13 de abril de 2011

Monitoring guidelines: a missed opportunity?

Anaesthesia, 2007, 62, pages 857–858
A. Simpson, N. Levy
West Suffolk Hospital

We read with interest the recent AAGBI recommendations for standards of monitoring during anaesthesia and recovery [1]. We appreciate that the introduction of most routine monitoring during anaesthesia has not been subjected to rigorous randomised controlled investigation. The progressive reduction in anaesthesia-related morbidity and mortality is therefore linked to monitoring by association only. However, more recent developments in monitoring have been subjected to randomised controlled trials. Of particular interest to us is the use of cardiac output monitors during the operative period, for which Grade A evidence is available for their use in reducing hospital length of stay and morbidity [2–7]. No specific recommendation for cardiac output monitoring is made in the AAGBI guidelines. We suggest that this represents a significant missed opportunity for the introduction of such monitoring as standard for major surgical procedures, as this would enable targeted fluid management to optimise tissue perfusion intra-operatively, reduce hospital length of stay after major surgery and lead to a reduction in overall morbidity [2–7].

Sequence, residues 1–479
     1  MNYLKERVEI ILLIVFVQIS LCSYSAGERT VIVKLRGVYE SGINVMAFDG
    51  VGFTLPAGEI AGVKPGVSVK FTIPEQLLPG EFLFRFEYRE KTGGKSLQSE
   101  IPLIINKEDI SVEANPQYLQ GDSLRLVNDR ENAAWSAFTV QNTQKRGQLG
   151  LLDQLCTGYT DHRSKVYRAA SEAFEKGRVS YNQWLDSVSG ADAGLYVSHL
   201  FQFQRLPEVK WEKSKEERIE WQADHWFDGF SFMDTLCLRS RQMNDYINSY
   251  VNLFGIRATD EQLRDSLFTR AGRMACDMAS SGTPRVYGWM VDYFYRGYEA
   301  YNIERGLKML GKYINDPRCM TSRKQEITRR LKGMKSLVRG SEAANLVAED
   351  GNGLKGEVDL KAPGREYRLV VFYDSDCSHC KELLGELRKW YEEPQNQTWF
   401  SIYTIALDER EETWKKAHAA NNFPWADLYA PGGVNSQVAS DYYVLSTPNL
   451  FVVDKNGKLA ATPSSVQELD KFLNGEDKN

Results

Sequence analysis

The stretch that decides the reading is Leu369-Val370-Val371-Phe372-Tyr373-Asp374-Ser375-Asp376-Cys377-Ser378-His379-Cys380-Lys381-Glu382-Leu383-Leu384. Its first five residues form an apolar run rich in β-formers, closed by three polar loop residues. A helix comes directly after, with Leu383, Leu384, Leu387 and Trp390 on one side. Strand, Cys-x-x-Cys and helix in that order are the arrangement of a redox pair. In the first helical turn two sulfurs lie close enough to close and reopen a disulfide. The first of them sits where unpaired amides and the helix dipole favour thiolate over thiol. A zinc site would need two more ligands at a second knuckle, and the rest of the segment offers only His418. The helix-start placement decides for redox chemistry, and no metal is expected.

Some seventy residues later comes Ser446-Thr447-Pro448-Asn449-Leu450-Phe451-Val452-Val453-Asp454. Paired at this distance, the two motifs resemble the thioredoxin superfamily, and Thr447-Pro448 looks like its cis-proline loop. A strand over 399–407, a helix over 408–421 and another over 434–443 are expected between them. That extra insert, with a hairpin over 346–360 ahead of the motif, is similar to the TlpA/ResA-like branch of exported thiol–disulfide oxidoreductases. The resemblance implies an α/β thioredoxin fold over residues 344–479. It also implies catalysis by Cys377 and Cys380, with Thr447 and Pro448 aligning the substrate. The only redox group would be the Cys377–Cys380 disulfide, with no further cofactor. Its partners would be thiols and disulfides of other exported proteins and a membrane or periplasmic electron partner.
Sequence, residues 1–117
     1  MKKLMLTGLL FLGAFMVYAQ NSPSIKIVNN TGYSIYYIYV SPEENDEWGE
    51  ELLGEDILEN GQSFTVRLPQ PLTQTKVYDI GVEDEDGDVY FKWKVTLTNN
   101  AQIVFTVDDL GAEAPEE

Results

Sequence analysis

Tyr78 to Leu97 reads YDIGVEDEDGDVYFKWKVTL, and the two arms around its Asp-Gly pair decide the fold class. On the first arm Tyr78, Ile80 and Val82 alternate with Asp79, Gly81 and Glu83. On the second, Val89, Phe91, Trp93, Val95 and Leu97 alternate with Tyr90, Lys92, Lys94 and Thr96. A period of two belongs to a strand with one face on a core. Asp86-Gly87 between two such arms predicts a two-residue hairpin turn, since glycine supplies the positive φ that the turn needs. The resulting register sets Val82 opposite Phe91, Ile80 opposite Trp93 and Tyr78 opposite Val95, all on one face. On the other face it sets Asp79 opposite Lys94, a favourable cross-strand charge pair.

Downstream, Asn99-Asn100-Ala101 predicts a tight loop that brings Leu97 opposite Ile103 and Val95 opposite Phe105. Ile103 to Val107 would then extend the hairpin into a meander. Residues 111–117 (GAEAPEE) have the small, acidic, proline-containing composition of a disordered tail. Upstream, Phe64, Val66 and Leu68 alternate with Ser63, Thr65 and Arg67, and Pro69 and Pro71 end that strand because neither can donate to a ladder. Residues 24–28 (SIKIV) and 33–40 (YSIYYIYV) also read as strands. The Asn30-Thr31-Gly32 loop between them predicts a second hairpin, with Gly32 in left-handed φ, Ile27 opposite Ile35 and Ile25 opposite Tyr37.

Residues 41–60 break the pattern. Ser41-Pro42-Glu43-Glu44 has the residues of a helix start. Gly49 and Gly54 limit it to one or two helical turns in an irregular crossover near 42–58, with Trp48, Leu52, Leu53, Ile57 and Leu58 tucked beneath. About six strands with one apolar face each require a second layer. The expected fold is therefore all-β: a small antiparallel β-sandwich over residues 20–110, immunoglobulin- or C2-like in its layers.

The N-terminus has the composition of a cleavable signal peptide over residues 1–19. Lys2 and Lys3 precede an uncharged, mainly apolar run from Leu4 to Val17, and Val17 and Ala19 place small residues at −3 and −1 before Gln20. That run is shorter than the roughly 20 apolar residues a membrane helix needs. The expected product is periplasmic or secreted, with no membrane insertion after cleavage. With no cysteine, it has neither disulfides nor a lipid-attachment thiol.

A number of cardiac output monitoring devices are available [2]. Pulmonary artery catheterisation is still cited as the ‘gold standard’ of cardiac output monitoring, but there are concerns regarding its use and effect on patient outcome [8]. The aim of intra-operative cardiac output monitoring is to optimise tissue perfusion and oxygen delivery to organs during the surgical insult, whilst avoiding the consequences of fluid overload. Conventional monitoring of cardiovascular status including the central venous pressure (CVP) is insufficiently sensitive to detect deficits in perfusion, and in studies comparing the use of cardiac output monitoring verses CVP monitoring, those patients that were optimised with cardiac output monitoring do considerably better than those patients whose treatment was guided using the CVP [5–7].

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